Adventure Time: Stand by Me and the Last of the Outsiders

I was born in 1976 — the year of punk rock and origins of the Iron Lady — but it was the 1980s that forged those early memories of film and, more importantly, an inspired sense of adventure. My generation were the last to play outside and, although I was far from rebellious, from an early age there was still a fearlessness to climb the highest tree and walk the furthest distance away from home. Childhood memories are of brooks, rivers and railway bridges as the trains roared overhead. Then there were the train tracks themselves — a red alert in the eyes of a child — their lines beckoning towards a far away place… even a time. One way was the past, while the other was the future.

At the time I never realised, but my Dad wasn’t just showing me the danger but, more importantly, he was also allowing me to experience something colossal and powerful. There was something both terrifying and exciting about seeing a silent beast approaching in the distance — an eerie whistle, followed by the vibrations echoing down the line where we stood — and then the deafening roar punching you in the gut as the train passed by. Kids of the ’80s weren’t mollycoddled. Parents allowed their children to experience fear but, for those less fortunate, some had no choice to live with it behind closed doors. Their fear wasn’t of oncoming trains but their own abusive parents.

Stephen King’s novella, The Body, was originally published in his 1982 collection Different Seasons and adapted into the 1986 film Stand by Me from director Rob Reiner. As with most coming of age stories, it is one that looks back with a sense of nostalgia but is never afraid to tackle the difficulties that children face and what shapes them into the adults they will one day become. There are few films that capture what it is like to be a young boy and even less, films that embrace the longing for adventure and although Stand by Me touches upon some dark, underlining themes it primarily sets a group of boys on a path of discovery of who they are and where they fit into a much larger world beyond Castle Rock. Without their sense of adventure they’re going nowhere.

The closer these stories approached the 21st century, the more insular adolescent experiences became. How much can be told about individuals holed up in their bedrooms or stuck to their devices and the multitude of distractions of the information age? Sure, they exist, but perhaps more suited to other genres such as unfriended horror or kitchen sink drama. During a major pandemic, shutdown and lockdown tales are the most prevalent, uploaded live every second as individuals share their thoughts in an explosion of lockdown creativity.

This isn’t so much a discussion about the coming of age genre but more a look at the loss of adventure and how the stories of those teetering on adulthood discover themselves in different ways. There are a multitude of examples out there that deal with growing up but few that lend their central characters the freedom to truly lose themselves in an adventure without descending into more fantastical tropes and conventions.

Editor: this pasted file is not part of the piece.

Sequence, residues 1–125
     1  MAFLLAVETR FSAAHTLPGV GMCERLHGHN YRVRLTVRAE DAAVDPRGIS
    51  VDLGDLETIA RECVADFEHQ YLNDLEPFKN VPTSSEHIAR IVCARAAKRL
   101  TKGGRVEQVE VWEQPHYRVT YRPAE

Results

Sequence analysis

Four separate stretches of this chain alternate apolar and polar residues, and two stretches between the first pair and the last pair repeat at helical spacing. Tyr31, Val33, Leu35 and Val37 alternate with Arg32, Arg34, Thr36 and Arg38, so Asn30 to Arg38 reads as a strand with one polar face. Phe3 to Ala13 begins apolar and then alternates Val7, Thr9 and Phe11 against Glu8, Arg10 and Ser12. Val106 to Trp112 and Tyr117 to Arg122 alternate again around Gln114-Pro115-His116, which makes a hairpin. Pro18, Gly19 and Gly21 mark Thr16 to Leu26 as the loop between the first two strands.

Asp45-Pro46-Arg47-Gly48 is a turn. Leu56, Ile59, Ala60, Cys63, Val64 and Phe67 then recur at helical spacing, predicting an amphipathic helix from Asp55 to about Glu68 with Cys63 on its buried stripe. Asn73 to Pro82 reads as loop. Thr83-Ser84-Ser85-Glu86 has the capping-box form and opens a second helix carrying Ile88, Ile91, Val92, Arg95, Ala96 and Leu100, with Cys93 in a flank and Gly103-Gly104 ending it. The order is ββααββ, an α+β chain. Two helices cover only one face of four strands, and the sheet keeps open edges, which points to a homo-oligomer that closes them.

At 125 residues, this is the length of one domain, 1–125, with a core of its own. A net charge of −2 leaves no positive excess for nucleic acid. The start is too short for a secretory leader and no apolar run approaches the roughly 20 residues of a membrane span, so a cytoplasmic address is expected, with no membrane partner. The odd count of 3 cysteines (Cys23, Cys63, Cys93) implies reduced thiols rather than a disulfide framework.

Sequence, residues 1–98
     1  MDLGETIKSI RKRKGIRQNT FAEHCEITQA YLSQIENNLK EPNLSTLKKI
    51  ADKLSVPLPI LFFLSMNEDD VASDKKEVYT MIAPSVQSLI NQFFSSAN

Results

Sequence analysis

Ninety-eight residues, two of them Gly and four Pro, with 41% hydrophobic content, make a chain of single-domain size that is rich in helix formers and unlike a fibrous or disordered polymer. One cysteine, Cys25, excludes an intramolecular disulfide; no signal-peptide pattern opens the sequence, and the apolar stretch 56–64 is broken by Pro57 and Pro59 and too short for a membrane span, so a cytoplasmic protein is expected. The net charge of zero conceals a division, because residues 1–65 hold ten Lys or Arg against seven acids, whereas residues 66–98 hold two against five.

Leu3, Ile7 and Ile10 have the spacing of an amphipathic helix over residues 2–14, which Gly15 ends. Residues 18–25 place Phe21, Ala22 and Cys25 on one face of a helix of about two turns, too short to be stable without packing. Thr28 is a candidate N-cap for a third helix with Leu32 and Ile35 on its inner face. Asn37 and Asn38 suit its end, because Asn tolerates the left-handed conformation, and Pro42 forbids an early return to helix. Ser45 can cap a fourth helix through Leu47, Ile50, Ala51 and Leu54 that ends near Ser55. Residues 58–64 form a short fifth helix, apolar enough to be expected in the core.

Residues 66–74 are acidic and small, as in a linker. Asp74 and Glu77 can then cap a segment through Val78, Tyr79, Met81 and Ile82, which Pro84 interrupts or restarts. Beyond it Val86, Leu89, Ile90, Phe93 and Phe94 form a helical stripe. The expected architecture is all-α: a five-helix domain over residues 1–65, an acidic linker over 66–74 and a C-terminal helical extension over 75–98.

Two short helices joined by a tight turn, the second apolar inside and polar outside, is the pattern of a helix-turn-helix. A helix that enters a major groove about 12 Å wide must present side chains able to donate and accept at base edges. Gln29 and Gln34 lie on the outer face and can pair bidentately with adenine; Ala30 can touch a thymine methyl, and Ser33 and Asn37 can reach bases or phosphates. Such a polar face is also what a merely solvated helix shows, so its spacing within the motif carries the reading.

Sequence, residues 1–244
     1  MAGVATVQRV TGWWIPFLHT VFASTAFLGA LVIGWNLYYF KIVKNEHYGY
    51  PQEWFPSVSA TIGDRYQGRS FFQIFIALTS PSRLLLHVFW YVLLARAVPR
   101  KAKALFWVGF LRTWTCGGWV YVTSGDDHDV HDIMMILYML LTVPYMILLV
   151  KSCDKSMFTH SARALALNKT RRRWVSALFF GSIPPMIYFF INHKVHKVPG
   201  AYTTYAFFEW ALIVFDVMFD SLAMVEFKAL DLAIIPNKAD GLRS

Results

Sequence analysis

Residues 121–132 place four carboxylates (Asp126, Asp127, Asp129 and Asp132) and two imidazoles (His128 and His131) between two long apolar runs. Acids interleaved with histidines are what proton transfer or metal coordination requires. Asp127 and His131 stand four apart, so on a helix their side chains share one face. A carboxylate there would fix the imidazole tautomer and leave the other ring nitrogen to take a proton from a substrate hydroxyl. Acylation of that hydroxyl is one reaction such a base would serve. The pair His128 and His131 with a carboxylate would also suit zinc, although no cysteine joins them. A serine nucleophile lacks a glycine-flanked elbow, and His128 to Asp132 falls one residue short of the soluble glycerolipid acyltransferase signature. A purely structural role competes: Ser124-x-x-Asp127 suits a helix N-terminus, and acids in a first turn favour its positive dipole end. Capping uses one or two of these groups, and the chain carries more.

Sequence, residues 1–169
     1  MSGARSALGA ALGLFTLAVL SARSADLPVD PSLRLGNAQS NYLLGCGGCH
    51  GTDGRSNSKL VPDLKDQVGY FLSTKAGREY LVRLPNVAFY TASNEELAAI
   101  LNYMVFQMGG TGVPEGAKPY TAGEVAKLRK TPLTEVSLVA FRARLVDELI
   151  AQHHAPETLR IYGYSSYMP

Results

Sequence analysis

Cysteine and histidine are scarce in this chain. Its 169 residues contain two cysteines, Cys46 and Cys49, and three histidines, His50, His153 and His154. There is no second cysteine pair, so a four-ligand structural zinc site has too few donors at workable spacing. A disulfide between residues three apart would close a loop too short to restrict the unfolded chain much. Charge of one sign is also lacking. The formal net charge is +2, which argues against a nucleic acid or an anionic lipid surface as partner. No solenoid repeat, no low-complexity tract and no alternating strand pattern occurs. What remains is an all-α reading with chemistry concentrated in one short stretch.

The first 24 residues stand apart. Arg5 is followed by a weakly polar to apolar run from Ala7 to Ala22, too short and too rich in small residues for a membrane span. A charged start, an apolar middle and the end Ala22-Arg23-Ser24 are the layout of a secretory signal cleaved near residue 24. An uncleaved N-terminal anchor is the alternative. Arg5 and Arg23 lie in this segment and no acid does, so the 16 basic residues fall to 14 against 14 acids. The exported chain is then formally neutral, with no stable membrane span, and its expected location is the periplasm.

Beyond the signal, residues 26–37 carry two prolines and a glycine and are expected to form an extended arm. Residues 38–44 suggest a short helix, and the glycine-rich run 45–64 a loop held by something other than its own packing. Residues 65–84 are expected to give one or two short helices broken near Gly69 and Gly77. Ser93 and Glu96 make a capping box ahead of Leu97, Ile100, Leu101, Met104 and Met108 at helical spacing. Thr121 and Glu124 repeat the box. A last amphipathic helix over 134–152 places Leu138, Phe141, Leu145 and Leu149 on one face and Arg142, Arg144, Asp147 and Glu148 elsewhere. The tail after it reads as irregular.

King’s story is semi-autobiographical and, aside from the body in question, does not rely on what we would expect from the Master of Horror. Of course, you can see the DNA strands from his other work (most notably IT) and is a conscious effort to show off his other avenues of prison redemptions and dark fantasy as he subtly builds his meta-universe. Adapted from the same anthology, Apt Pupil is another adolescent tale from Bryan Singer that delivers a perfect Hitchcockian coming of age thriller. The late Brad Renfo finds more than he bargained for researching his school project discovering Sir Ian McKellen’s old Nazi living next door.

Threat is crucial to these stories. In Stand by Me, Kiefer Sutherland’s Ace Merill defines the archetypal bully that pushes the kids further away from their town. In the superb companion piece, Mean Creek (2004) from director Jacob Aaron Estes, another quiet adolescent, Sam (Rory Culkin), plans to bump off the local bully with his friends on a boating expedition. There are echoes of William Golding in these stories and Mean Creek especially highlights how cruel children can be away from the control of adults and no adventure in sight.

As a 1950s period piece, Stand by Me is set at a time where TV has just begun to invade the homes of America. The small screen fed into the familial dream but with the influx of news reports it very quickly became the nightmare — true horror and violence — as the face of the infamous Ed Gein was presented to households on his arrest in 1957. This perverse and sadistic psychopath’s story would not only influence Robert Bloch’s original Psycho novel but also go onto influence the likes of a young King and the next generation of counterculture filmmakers who came to prominence a decade later. Set in 1959, the kids of Stand by Me won’t have only heard of the bogeyman, Gein, but will have seen him too. They understand that if they discover their own macabre story, it will be their faces on the news or in the papers. A warped sense of adventure if ever there was one.

However, as we learn early on, the horrors are much closer to home as we begin to find out that each of these kids have experienced some form of personal trauma, even before they ‘saw a dead human being’. The shy Gordie Lachance (Wil Wheaton) lives constantly in the shadow of his dead brother, his parents left broken, barely able to acknowledge their surviving son exists. Chris Chambers (River Phoenix) is the most compassionate out of the four, always putting himself before others — his family constantly looked down upon and judged as criminals. Joker, Teddy Duchamp (Corey Feldman), hero-worships his father despite the abuse suffered at the hands of the man, who is clearly suffering from PTSD. Then there’s Butt-monkey, Vern (Jerry O’Connell) who remains somewhat of a light relief both for his friends and the audience.

The body in question is that of a teenage boy, Ray Bowers, who is killed by an oncoming train and becomes the centrepiece of the film. The mystery of death is intrinsically linked to Gordie’s journey in coming to terms with the loss of his brother and becomes a crucial driving force that delivers a number of emotional punches throughout the film. Finding the body gives some purpose to all the boys’ lives as their family and the community they live in see them as losers.